Khadaji's Whatcha Reading Thread--June 2019 edition

Here is the June thread. I’m a little hesitant to start it myself since I don’t want to make it a habit, as I am rather busy here, am off the Board for days at a time and cannot guarantee I’ll be available when a new month starts. But what the heck, here it is for this month.

I hope everyone is having a good late spring / early summer. I guess it’s that time of year. Hard to keep it straight since it’s always late spring / early summer here.

I’m almost halfway through Freewheel: #HonoluluLaw, #FamousTriathlete, & a #Charity, by local attorney and writer Katharine M. Nohr, the second of her Tri Angles mystery trilogy and sequel to the first one, Land Sharks. Reading the author’s own copy that she’s loaned me.

Khadaji was one of the earlier members of SDMB, and he was well-known as a kindly person who always had something encouraging to say, particularly in the self improvement threads. He was also a voracious, omnivorous reader, who started these threads way back in the Stone Age of 2005. Consequently when he suddenly and quite unexpectantly passed away, January of 2013 we decided to rename this thread in his honor and to keep his memory, if not his ghost, alive.

Oops. Link to May thread

See? You don’t want me doing this.

Thanks, Siam Sam!

Still reading Robert A. Heinlein’s 1951 bodysnatcher novel The Puppet Masters, which isn’t as good as I remember but is still a good read. The protagonist, an agent for a supersecret American security and espionage agency which reports directly to the President, has just married a fellow agent and gone on his honeymoon. It doesn’t go well, shall we say…

I’ve kind of bogged down in A Brief History of Everyone Who Ever Lived: The Human Story Retold Through Our Genes by British scientist Adam Rutherford, but expect to return to it before long.

I started, then abandoned, What the Dead Know. I think it could have been a good book if the writer had kept the story tight, but she kept wandering off in different directions. The main premise was that a girl disappeared thirty years ago, and now a woman is claiming to be that missing girl, but refusing to share details. That was an interesting plot, but then the writer also wanted to explore what the girl’s mother was doing thirty years later, and what was going on in the sheriff’s life, etc., and all the side plots were so boring that it wasn’t worth plodding through to get back to the main storyline.

I read Whole: Rethinking the Science of Nutrition. I thought about DNFing that one as well, but stuck with it and I’m glad I did. To reduce an incredibly informative book to a quick catchphrase, the gist of the book was that nutrition can improve your health in ways that drugs and supplementation can’t, but since there’s better funding for pharmaceutical research, we’re not properly educated on the benefits of nutrition. The author is a bitter old man, and this bitterness taints his writing, but if you can look past the bitterness, it’s an informative read.

I read Orange World and other Stories by Karen Russell, which I was fully expecting to love, and which I did. Russell is my favorite short story writer; she comes up with these insanely imaginative scenarios and writes about them so beautifully that the whole experience of reading her work feels surreal.

I’m halfway through The Woman in the Window. The beginning was great and really sucked me in, but the middle is kind of lagging, and I did some skim-reading last night. I’m sure I’ll finish the book, but I do hope the pace picks up again.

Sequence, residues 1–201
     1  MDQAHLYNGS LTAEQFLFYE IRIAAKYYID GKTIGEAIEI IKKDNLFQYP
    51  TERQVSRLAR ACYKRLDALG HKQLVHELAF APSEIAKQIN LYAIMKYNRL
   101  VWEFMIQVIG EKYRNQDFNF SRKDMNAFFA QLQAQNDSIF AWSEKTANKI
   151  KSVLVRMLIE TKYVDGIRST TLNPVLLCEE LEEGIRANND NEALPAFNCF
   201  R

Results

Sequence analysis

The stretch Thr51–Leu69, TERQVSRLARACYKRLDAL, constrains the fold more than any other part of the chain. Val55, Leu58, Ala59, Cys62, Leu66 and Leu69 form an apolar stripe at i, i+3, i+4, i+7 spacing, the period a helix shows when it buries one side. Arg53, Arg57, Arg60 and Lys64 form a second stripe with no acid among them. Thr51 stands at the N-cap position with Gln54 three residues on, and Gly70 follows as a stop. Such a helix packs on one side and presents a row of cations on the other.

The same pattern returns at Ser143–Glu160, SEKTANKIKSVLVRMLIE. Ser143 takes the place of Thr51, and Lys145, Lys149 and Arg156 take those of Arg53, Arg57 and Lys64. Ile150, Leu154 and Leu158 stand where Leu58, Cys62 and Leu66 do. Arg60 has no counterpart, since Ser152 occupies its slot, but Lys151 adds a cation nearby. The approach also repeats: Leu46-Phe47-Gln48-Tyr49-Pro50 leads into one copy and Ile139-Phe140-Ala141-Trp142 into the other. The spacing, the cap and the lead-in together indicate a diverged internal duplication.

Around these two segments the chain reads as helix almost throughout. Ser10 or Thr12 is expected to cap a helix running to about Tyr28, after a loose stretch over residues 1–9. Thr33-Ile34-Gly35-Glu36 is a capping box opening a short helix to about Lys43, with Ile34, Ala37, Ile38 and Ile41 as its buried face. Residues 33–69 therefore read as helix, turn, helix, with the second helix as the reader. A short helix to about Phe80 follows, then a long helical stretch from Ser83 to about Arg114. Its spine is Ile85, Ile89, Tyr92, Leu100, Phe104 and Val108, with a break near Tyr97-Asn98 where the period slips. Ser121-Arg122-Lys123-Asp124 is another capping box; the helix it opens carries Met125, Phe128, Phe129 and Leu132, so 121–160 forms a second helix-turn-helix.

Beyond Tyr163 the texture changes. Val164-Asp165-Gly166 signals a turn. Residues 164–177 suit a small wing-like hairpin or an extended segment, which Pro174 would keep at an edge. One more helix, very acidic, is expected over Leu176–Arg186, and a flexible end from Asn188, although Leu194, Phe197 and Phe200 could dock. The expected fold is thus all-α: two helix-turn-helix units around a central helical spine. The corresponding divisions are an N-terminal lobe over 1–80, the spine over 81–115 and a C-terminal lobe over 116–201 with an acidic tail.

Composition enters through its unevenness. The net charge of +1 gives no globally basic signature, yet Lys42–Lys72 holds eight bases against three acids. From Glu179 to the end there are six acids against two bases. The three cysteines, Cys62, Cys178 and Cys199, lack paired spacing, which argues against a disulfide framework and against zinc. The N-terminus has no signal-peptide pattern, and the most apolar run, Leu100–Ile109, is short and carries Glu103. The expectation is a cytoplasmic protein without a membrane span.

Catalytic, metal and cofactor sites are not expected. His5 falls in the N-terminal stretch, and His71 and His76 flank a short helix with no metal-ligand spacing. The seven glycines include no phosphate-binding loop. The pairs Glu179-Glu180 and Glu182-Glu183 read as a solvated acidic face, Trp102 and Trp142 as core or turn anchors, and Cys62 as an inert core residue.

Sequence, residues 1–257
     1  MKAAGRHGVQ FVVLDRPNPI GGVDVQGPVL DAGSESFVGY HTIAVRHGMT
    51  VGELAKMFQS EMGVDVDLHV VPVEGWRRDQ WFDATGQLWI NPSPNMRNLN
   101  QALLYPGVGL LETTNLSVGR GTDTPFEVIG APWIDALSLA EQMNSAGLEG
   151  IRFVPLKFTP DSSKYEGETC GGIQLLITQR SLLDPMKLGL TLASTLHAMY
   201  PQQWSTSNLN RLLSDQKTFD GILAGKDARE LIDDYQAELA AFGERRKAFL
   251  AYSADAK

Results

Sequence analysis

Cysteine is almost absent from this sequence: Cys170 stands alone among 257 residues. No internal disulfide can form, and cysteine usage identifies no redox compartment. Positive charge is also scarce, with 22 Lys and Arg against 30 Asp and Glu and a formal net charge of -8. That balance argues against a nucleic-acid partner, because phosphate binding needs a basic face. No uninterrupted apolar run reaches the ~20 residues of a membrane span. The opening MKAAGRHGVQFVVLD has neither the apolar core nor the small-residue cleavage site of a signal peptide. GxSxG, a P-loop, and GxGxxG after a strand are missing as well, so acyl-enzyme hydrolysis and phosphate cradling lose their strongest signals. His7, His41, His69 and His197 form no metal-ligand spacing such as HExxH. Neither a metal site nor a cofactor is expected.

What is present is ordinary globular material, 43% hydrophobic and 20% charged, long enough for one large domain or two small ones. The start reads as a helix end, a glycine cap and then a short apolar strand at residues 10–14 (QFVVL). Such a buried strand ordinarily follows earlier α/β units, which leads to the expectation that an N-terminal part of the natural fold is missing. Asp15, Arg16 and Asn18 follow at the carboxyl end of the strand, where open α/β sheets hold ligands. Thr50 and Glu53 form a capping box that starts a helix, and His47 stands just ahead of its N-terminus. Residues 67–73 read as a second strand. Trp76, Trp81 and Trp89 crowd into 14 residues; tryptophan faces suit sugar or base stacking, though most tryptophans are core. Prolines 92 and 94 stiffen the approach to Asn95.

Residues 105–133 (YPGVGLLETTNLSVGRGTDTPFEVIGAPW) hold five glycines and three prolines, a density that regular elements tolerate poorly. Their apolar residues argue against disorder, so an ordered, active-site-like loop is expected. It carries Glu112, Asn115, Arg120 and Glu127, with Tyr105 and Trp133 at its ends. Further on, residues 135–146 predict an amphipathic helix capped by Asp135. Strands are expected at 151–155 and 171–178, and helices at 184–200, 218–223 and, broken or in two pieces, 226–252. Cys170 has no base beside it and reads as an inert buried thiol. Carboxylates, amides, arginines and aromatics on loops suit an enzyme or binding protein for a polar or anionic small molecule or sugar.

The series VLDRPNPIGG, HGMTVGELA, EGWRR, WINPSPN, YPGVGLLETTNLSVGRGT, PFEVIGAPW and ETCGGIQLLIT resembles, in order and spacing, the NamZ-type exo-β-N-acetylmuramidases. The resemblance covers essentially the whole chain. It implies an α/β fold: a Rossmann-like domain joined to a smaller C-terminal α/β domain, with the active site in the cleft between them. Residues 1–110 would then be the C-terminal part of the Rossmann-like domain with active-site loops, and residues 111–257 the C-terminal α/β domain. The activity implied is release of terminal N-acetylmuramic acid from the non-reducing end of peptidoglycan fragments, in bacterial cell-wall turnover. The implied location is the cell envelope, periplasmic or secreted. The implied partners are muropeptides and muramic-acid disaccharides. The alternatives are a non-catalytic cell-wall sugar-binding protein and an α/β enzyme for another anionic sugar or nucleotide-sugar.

Also halfway through Be Different: Adventures of a Free-Range Aspergian by John Elder Robison. No complaints about this one; Robison is a humorous and engaging writer. It’s easy to get sucked into the stories he tells, and his unique perspective on life is intriguing to read.

Finished View from the Cheap Seats: Selected Nonfiction by Neil Gaiman, which I enjoyed, and has inspired me to read several things he recommends.

Now I’m reading Giants of Jazz by Studs Terkel.

I’m reading a short story collection by Sarah Pinsker, Sooner or Later Everything Falls Into the Sea. Collections are always uneven, but this one is pretty good so far. Some of the stories seem a little like pointless fragments of a larger tale, some are quite nice, and none have been boring yet.

I’m less than halfway through Uncommon Type: Some Stories, by Tom Hanks (yes, *that *Tom Hanks). I’m…disappointed. The writing is good enough, but the stories are dull. So far, when each one has ended I’ve found myself wondering what the point was. Dung Beetle’s “pointless fragments of a larger tale” description applies. I keep reading, though, figuring that the next one might be (has to be) better. If I hit the halfway point with no improvement in the storytelling, I might just abandon this book. I’ve already started to think of reading it as something I have to do vs want to do. I still love Tom Hanks, but I kind of wonder if this collection would have gotten published if the author were anyone else.

Re reading Band of Brothers…don’t know why.

Was on the road over the weekend and managed to finish three books - the fictionalized story of the C.S.S. Hunley, John Gardner’s Grendel (which disappointed me), and The Penguin Book of Hell, which was a hoot. I’d always wanted to read the Vision of Tundale. I started Tales of the Marvellous and Strange, an Arabic collection of fantasy stories almost contemporary with the much-better-known 1001 Nights. There is a tiny bit of overlap.

On audio I am, against my better instincts, indulging in the latest of Preston and Child’s Agent Pendergast stories, Verses for the Dead. At least they did something interesting by saddling the independently wealthy FBI agent with an unwanted partner, but I have the annoying feeling that they’re field-testing the partner for a spinoff series.

I thought it was a pretty good tale, especially since I’ve lowered my expectations of Preston & Child in recent years. I give it extra points for being a stand-alone story and not including any of the abysmal Pendergast family Gothic soap opera drama.

Last night I abandoned the Tom Hanks collection; at least, temporarily. I just couldn’t take the pointless stories anymore.

I decided to (finally) start reading Tina Fey’s autobiography, Bossypants. I’m only a few essays in (just past the point where the sample ended and I decided to buy the book), but already I have a feeling like she might be trying too hard. Anecdotes keep being set up like they’re super funny, but…they aren’t. I’ll definitely keep reading, but I’m not sure I can handle consecutive literary disappointments from celebrities I like and admire. Has anyone read this and can tell me it gets better? :slight_smile: